Advances in Clinical Trial Biostatistics by Nancy L. Geller

By Nancy L. Geller

From facets of early trials to advanced modeling difficulties, Advances in scientific Trial Biostatistics summarizes present methodologies utilized in the layout and research of scientific trials. Its chapters, contributed via across the world popular methodologists skilled in scientific trials, deal with themes that come with Bayesian equipment for part I scientific trials, adaptive two-stage scientific trials, and the layout and research of cluster randomization trials, trials with a number of endpoints, and healing equivalence trials. different discussions discover Bayesian reporting, tools incorporating compliance in remedy overview, and statistical concerns rising from scientific trials in HIV infection.

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In such contexts, independent phase I trials can be designed for each patient group according to the methods outlined above. Alternatively, a single trial might be conducted with relevant patient information directly incorporated into the trial design. Thus, the dose-toxicity relationship is modeled as a function of patient attributes represented by the vector c of covariate measurements. For exposition, we consider the case where a single covariate observation c is obtained for each patient. The relationship between dose and response might then be characterized as pðx; cÞ ¼ expða þ hx þ ycÞ 1 þ expða þ hx þ ycÞ ð13Þ where pðx; cÞ u Prob½DLTjDose ¼ x; Covariate ¼ cŠ: The overall design of the trial will depend in part on whether or not the observation c can be obtained for each patient prior to the onset of treatment.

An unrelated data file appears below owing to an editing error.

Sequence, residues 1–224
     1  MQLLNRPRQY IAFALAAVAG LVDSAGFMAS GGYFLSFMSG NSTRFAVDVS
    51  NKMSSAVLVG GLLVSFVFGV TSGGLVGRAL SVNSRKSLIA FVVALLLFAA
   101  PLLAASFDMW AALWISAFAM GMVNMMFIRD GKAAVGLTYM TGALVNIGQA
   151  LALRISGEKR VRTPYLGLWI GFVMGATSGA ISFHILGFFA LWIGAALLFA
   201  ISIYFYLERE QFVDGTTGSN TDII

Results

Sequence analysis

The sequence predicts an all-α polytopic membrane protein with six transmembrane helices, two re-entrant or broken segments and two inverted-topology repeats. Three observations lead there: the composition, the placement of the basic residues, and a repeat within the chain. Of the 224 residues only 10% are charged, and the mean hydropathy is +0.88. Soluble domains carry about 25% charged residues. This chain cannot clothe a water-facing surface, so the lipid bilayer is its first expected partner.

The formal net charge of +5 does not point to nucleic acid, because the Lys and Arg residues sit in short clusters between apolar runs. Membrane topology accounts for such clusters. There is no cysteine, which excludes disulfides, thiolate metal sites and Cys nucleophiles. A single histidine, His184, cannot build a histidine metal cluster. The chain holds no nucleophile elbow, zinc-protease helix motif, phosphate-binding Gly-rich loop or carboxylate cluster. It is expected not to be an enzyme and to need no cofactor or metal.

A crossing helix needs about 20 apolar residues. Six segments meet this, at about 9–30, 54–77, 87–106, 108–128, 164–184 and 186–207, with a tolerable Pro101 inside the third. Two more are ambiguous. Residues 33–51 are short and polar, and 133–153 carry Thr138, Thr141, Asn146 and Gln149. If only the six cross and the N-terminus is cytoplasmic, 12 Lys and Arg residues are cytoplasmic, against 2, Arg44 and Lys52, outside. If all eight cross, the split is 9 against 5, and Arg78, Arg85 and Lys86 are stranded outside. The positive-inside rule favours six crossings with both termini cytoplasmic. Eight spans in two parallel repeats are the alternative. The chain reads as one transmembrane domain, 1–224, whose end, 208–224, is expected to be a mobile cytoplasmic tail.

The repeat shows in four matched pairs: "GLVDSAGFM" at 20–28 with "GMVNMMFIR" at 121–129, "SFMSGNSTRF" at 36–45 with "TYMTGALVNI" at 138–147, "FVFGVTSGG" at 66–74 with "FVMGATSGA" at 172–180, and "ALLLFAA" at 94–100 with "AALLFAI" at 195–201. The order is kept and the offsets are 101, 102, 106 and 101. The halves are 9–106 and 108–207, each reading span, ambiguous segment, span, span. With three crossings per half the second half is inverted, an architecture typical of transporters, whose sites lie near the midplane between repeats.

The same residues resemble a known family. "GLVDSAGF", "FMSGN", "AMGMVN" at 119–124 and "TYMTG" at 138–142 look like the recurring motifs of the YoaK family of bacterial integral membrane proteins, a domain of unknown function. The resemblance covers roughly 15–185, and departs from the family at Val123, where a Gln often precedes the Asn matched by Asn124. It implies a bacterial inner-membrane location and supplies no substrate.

This can be accomplished by administering to each patient the dose level corresponding to the a-fractile of the marginal posterior cumulative distribution function (CDF) of the Copyright n 2004 by Marcel Dekker, Inc. All Rights Reserved. Bayesian Methods for Cancer Phase I Clinical Trials 21 MTD. Specifically, after k patients have been observed, the dose for the next patient accrued to the trial is xkþ1 ¼ FkÀ1 ðaÞ ð11Þ where Z xZ Fk ðxÞ ¼ 0 Y X k ðg; NÞ dN dg ð12Þ is the marginal posterior CDF of the MTD given Dk.

Instead of minimizing the posterior expected loss, dose levels can be chosen so as to minimize the loss function after substituting an estimate for N. Consequently, given the data from k patients, one might estimate N as Nˆ k and administer to the next patient the dose xkþ1 ¼ arg minfLðx; Nˆ k Þg: xeS In the remainder of this section we describe various loss functions that have been discussed in the literature concerning cancer phase I clinical trials. Since the primary statistical aim of a phase I clinical trial is to determine the MTD, designs have been presented which seek to maximize the efficiency with which the MTD is estimated.

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